Craftsman Nick Lopez tows the line between form and function; preserving the utility of a piece of furniture while not stifling artistic technique and expression. He admits that while his father taught him the practical skills needed to be a furniture builder, it was his mother who endowed him with an ‘artistic side.’ Lopez’s early works included coffee tables and wine racks. A love of travel and a disdain for clutter left him with a minimalist style - any piece he makes must feel ‘at home’ in his house.
Based out of Sacramento, Lopez uses only reclaimed wood. It is illegal to cut any of the old-growth Redwoods in Northern California (and parts of Oregon), so any woodwork must be done with fallen or repurposed lumber. In Lopez’s case, this is generally done from fences or barn-wood siding. He explained that that’s why the wood he works with is so special; it’s been around ‘forever.’ He notes that the darker the tone of the wood, the richer its history.
You might imagine reclaimed wood as being very “rustic” - with large holes and knots giving us a visual record of the piece. But Lopez smooths the wood down, making it more ‘sustainable,’ in a way. The unpredictability of a knot (oozing with sap, for example) is not a concern in Lopez’s work. Many of his pieces are mosaic-like, constructed out of several thousands of pieces. One of his bed creations, for example, is made out of over 13,000 pieces of wood, sanded and crafted over the course of a year - totaling about 500 hours of work. Each finished piece has its own individual characteristics and backstory, yet share an effortless, flowing silhouette.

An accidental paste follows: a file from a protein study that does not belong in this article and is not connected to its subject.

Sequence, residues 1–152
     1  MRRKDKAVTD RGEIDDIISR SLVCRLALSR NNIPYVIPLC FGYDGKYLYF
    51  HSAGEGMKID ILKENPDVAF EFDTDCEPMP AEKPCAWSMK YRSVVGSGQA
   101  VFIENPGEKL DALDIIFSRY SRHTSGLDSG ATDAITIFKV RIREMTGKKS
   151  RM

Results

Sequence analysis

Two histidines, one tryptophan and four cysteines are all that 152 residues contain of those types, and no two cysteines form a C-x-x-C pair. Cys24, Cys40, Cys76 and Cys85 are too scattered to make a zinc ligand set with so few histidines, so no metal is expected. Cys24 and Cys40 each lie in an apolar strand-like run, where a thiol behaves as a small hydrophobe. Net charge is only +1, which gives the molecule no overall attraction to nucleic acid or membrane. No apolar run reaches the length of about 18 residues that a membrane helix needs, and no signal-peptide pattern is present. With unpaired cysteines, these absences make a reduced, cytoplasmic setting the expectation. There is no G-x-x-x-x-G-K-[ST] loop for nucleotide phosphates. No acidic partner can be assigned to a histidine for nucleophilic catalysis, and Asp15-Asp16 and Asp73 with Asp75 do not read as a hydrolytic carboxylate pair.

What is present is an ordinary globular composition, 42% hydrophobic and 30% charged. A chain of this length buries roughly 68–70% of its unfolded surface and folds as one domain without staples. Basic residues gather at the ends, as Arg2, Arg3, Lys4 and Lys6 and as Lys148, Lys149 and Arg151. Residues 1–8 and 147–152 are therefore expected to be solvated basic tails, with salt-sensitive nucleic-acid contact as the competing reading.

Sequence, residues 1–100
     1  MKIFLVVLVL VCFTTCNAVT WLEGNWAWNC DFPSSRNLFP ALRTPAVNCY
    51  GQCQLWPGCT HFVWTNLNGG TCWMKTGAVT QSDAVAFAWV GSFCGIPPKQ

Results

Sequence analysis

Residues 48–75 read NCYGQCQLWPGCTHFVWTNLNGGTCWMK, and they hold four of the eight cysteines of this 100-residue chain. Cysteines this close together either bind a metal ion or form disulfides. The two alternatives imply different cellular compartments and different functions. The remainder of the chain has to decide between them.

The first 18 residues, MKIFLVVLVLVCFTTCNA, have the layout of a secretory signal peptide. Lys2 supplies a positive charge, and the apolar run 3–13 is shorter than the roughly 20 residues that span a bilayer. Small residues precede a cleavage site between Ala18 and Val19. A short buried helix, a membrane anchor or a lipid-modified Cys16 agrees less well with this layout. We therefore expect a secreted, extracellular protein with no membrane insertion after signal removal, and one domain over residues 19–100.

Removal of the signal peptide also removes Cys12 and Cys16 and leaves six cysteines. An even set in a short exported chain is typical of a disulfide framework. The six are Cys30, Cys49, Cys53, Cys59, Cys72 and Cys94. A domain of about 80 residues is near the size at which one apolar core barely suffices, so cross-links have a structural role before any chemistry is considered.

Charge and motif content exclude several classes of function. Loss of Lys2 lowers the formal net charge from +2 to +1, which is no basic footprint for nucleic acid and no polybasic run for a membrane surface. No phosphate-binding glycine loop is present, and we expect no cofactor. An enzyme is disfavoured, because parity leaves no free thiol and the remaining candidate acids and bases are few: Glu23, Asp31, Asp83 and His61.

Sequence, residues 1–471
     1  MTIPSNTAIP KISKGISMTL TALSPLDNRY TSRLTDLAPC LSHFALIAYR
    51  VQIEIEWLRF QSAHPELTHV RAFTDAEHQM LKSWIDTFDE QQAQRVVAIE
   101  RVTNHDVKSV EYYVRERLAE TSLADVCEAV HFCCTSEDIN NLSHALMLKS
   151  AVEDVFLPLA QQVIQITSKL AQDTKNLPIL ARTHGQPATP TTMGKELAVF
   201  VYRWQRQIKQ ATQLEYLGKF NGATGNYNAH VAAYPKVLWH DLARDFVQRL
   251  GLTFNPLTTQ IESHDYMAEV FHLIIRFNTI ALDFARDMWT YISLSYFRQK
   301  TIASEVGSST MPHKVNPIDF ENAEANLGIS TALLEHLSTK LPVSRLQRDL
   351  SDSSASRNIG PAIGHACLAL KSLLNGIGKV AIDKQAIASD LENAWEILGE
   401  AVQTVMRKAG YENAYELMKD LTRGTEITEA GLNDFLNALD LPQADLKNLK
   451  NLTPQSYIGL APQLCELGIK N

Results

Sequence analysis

Lopez’s debut was at the WestEdge Design Fair in Santa Monica, California last year. He will be returning this year, from October 19-22. He will be showing current works, including a series of sculptures, 8 feet tall by 4 feet wide, showing people in a variety of poses. Based on last year’s response, Lopez is excited to bring more 'not functional' art to the public. He acknowledges that he approaches the work with the mind of a craftsman, but avoids the restrictions a craftsman often encounters. A chair, for example, has to be user friendly: “comfortable, resistant to wear-and-tear, etc. It has to work both visually as well as functionally.” Sculptures, on the other hand, can be anything Lopez wants them to be.
I asked him if he had a hard time not obsessing over every piece of reclaimed wood he sees, whether out on a walk or camping, imagining what he’d be able to make. He admitted that as he was talking to me, he was looking at an old barn in the distance and thinking about how he’d be able to repurpose the siding into something beautiful. A true craftsman (and artist).
To see more of Nick Lopez's functional fine art furniture and sculptures, please go to his website at: www.NickLopezStudio.com.